Off ice jump goals and guidelines

04/29/13

Figure Skating Coach

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The information displayed here is for the purpose of sharing coaching knowledge,  I do not promote myself as a  'coach's coach'.

 

Often coaches cannot agree on a single off ice jump class curriculum and there are many ways to teach the same skills,   if no curriculum is set then there needs to be goals and guidelines such as these.

 

Goals

In order to reach goals,  goals for off ice technical jumping classes need to be set for each level,  this is a guide as to what I think they should be :-

 

Stage 1 would apply to Skaters who have completed Skate School and are working on their preliminary tests

Basic control and posture

Skaters should be able to demonstrate good posture during loading, explosion and air positions.  Quarter, half and single rotation jumps should be mastered with good control. 

Power Skipping should be introduced; demonstrating good co ordination of arms and legs and sufficient height and jump length. 

Basic jumps such as the Waltz jump should be introduced.  

Basic jumping skills such as the landing position for jumps should be practised.   Particular attention needs to be focussed on technique to avoid bad habits such as head pre rotation.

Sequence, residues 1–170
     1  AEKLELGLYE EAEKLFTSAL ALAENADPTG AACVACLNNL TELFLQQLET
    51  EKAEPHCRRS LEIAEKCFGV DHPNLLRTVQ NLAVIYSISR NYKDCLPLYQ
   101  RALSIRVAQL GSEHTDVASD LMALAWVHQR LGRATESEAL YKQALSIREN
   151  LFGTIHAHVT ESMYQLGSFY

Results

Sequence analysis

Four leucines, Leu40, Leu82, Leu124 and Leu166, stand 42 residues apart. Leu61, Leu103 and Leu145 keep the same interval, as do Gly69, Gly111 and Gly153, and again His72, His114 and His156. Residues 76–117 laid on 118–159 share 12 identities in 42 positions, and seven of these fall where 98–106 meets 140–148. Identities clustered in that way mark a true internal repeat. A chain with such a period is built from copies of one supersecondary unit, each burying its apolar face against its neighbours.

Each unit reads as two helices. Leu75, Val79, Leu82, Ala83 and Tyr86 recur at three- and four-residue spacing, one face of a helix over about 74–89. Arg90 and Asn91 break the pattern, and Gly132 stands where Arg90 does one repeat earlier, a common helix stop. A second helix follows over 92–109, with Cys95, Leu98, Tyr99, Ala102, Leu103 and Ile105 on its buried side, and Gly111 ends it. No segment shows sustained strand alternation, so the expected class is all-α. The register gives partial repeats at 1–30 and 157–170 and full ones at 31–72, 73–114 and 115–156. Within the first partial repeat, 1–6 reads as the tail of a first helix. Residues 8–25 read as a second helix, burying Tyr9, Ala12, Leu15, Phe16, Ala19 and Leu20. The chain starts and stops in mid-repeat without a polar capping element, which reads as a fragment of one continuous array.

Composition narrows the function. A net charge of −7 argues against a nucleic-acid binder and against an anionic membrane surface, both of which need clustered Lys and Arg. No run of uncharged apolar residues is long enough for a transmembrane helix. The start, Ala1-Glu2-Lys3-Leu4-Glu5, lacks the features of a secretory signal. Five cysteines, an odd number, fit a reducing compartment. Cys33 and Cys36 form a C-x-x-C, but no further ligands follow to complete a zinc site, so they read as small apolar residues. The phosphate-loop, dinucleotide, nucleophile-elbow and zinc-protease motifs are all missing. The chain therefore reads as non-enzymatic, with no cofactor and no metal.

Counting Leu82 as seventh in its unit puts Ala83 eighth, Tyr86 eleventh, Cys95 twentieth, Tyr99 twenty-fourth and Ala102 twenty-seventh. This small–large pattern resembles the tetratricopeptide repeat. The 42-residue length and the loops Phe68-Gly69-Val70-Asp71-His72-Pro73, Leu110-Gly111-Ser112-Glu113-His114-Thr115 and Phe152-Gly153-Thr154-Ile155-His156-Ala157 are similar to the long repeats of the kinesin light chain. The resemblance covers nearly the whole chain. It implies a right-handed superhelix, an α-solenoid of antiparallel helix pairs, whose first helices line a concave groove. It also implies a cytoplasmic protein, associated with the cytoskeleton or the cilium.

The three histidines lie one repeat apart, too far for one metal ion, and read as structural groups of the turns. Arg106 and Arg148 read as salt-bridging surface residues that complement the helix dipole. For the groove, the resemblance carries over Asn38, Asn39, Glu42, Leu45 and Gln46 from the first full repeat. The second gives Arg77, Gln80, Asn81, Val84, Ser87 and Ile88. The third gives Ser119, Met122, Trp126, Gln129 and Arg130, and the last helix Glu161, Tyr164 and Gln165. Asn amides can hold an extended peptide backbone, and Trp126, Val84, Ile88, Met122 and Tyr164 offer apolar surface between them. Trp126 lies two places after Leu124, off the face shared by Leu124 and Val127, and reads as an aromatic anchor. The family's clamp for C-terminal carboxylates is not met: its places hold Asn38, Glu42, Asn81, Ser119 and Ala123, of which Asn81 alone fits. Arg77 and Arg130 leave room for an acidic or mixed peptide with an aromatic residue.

Basic jump drills designed to develop strength and jumping ability should be introduced.

 

Stage 2 - would apply to Skaters that are close to or have passed one or more preliminary tests

Axel jump off ice

Progressions aimed at teaching skaters to execute a single Axel jump off ice should be included.

Basic jumps such as the Loop jump should be introduced showing good form and control,  the skaters should be aware of what is required to execute a double loop jump on the ice.

The air position for double jumps should be introduced and practised with various drills,  skaters should be able to demonstrate the air position with good form and be able to snap into it quickly.    Particular attention needs to be focussed on correct position to avoid bad habits such as wrapping.

Skaters should be able to simulate or approximate all on ice jumps with good form.

Skaters should be able to execute simulated combination jumps.

Simple jump drills designed to develop strength and jumping ability should be included.

Particular attention needs to be focussed on technique to avoid bad habits such as head pre rotation and poor air positions.

 

Stage 3 would apply to Skaters that are close to or are landing a single Axel jump on ice

Axels and doubles

Skaters at this level should be able to demonstrate a single Axel jump with good form and height.

Skaters should be able to execute 1 rotations in the air and land on one leg and punch out for the landing position with good form.

Other more advanced skills such as the flying sit spin and flying camel (flying portions only) should be introduced.

Skaters should be able to simulate or approximate all on ice double jumps with good form.

Skaters should be able to execute simulated double combination jumps.

More advanced jump drills designed to develop strength and jumping ability should be included.

Particular attention needs to be focussed on technique to avoid bad habits such as head pre rotation and poor air positions.

 

Stage 4 would apply to Skaters that have mastered 3 or more double jumps on ice.

Double Axel off ice